Reviewing the Review: May 23 2010

As the newspaper business shrinks, the hazard of insularity increases. Three weeks ago the New York Times Book Review put Christopher Buckley’s rave review of the roman a clef The Imperfectionists by Tom Rachman of the International Herald Tribune on the cover, ignoring the fact that 99% of the NYTBR’s readers have no need for a winking tell-all about newspaper office shenanigans. The “Up Front” column in today’s Book Review features Lloyd Grove of the New York Daily News sharing gossip about Rupert Murdoch, subject of War at the Wall Street Journal by Sarah Ellison. One wonders if this type of thing might be better handled by internal email.

But a broader insularity emerges when Graydon Carter (yawn) reviews The Pregnant Widow (yawn) by Martin Amis (yawn) on this week’s front cover (yawn). Sex jokes and alcohol jokes abound. Replace the name “Martin Amis” with “Christopher Hitchens” and you’ve got a ready-made review of Hitch-22, which will surely be lauded as a major work on the cover of the New York Times Book Review very soon (yawn). Here goes the shoveling:

Amis is one of the true original voices to come along in the last 40 years. The fizzy, smart linguistic fireworks, with their signature italicisms, riffs on the language and stunningly clever, off-center metaphors are certainly evident in “The Pregnant Widow”.

I’m sure Amis is a great dinner companion, but this really pushes the limits. Here’s my take: if Martin were not the son of the celebrated Kingsley Amis, he’d be considered a minor novelist at best. Fizzy smart linguistic fireworks and all.

Fortunately, the Book Review gets better once you put the cover piece aside. I already thought Dan Okrent’s Last Call: The Rise and Fall of Prohibition sounded like a corker, and David Oshinsky seals the case, explaining how concerns about immigration, women’s suffrage and German militarism contributed to the debate about legal alcohol in America. Definitely a history book I want to read. And while I’m not likely to ever read a biography of an Atlanta Brave, I can’t deny enjoying Sam Tanenhaus’s civil-rights-minded summary of The Last Hero: A Life of Henry Aaron by Howard Bryant.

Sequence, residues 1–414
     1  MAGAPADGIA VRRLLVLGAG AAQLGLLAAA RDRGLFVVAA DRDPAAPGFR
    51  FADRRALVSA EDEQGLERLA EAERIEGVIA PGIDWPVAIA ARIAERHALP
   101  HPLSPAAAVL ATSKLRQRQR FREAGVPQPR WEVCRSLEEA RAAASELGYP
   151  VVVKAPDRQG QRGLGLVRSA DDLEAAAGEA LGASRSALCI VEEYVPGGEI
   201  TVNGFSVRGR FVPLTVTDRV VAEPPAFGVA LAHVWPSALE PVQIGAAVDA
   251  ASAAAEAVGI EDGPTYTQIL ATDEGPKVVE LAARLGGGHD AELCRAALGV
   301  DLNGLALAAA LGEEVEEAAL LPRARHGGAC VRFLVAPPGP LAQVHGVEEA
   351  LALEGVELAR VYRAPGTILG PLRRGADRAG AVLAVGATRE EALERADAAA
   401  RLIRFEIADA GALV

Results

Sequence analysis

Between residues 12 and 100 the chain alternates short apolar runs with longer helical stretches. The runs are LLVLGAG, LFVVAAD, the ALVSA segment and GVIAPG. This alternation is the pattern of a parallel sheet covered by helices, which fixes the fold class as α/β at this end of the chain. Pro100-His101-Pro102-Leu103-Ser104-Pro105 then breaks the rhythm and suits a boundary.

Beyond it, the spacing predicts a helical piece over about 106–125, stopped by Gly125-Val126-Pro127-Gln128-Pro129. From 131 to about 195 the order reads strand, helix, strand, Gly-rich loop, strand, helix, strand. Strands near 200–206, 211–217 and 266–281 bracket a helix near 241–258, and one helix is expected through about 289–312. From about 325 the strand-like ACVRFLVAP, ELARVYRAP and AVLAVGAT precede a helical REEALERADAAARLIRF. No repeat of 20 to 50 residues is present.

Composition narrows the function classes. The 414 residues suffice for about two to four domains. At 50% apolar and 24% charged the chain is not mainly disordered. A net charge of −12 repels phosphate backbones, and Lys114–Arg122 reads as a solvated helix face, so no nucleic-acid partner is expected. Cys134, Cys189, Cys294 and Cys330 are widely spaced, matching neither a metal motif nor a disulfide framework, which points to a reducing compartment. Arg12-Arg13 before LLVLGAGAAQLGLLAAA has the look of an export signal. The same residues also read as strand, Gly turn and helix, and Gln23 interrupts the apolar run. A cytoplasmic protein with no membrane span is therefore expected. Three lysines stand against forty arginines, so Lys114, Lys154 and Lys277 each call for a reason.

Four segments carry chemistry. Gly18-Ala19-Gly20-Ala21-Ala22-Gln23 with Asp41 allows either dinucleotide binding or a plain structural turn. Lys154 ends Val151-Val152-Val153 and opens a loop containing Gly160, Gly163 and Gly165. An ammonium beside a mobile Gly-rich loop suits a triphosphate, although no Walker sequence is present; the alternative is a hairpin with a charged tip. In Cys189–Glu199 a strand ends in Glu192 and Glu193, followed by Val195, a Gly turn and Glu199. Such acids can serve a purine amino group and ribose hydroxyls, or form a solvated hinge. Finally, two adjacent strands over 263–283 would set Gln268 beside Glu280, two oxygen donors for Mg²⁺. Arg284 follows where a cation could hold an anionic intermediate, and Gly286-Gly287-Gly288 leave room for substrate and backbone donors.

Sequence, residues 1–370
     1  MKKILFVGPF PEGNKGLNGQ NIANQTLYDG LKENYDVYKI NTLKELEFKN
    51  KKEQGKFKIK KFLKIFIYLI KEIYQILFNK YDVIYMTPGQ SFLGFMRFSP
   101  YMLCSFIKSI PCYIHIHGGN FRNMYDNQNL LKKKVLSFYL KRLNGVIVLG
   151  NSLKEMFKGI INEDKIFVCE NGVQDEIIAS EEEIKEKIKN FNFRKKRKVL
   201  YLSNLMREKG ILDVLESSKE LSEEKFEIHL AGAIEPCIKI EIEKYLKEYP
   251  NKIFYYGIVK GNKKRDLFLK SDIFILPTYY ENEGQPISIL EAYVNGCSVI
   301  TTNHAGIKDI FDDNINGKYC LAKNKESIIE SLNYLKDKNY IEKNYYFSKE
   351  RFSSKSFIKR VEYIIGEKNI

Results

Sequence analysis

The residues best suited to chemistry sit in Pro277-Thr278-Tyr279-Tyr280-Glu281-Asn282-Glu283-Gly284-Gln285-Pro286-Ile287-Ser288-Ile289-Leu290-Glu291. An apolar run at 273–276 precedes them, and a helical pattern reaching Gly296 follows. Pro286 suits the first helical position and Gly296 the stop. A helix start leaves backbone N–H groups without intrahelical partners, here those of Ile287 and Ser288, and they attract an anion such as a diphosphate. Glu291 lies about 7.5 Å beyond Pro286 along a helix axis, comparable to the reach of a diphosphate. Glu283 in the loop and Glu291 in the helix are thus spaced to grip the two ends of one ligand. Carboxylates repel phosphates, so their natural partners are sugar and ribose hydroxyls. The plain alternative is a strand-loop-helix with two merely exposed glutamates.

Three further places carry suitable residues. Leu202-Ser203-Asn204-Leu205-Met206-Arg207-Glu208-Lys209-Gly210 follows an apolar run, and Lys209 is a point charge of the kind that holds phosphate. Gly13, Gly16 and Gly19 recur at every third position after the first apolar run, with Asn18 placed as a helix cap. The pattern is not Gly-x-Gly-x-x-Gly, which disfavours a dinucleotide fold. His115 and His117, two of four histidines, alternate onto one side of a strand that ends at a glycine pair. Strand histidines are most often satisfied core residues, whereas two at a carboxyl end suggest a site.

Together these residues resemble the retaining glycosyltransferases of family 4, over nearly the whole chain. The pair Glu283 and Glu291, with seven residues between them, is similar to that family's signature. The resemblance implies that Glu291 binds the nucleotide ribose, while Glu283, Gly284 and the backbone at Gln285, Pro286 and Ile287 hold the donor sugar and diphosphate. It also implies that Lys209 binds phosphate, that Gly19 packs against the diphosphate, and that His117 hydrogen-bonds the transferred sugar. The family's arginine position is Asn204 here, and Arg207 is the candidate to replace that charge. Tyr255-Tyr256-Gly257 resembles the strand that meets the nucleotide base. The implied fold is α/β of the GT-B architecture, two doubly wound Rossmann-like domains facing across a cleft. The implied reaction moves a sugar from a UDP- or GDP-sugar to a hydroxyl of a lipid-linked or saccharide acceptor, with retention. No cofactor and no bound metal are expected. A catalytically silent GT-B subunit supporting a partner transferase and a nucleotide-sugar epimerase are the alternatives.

Today’s fiction coverage is mixed. I’ve never read and have nothing against A. L. Kennedy, but I hope her story collection What Becomes is not as riddled with cliches as Robin Romm’s breathless review. There’s this:

When his wife returns, horrified to find him like this, she hurls a pot of thyme at his head. He tries to reassure her. She responds: “It’s not all right. It won’t be fine.” They’ve lost a daughter, we learn, a loss from which they’ll never recover.

I’ve read this story before and so have you. The author’s name was Raymond Carver. Robin Romm goes on:

Kennedy can go from darkness to humor in a heartbeat. Her characters, with their dry wit and sense of irony, are the sort of people you’d want to sit next to at a bad work luncheon. They don’t cotton to easy sentiment. They don’t suffer fools. Peter, in the story “Edinburgh,” recoils at the New Age pamphlets in his vegetable shop. “I haven’t got an inner child; I’d have known it by now if I did. Likewise with the spirit animals — I am not playing host to some interior bloody zoo.”

Making fun of new age hippies for their soft sentiments: this is fresh and groundbreaking in the year 2010? Actually, I’ve heard predictable humor like this at plenty of bad work luncheons, and it’s what makes the luncheons bad.

But Jeannie Vanasco does better with an unusual novel I plan to try soon, Molly Fox’s Birthday by Deirdre Madden, and Liesl Schillinger provides further salvation with a long, substantial piece on Agaat by Marlene von Niekerk (a book we talked about here).

Books like “Agaat” … are the reason people read novels, and the reason authors write them. It’s a monument to what the narrator calls “the compulsion to tell,” expressing truths that are too heartfelt, revelatory and damaging for proud people to speak aloud — or even to admit to themselves in private.

A lot of books are lavished with praise in this Book Review. But here’s where a literary critic’s talent and conviction come into play. They must make us believe the praise is sincere.

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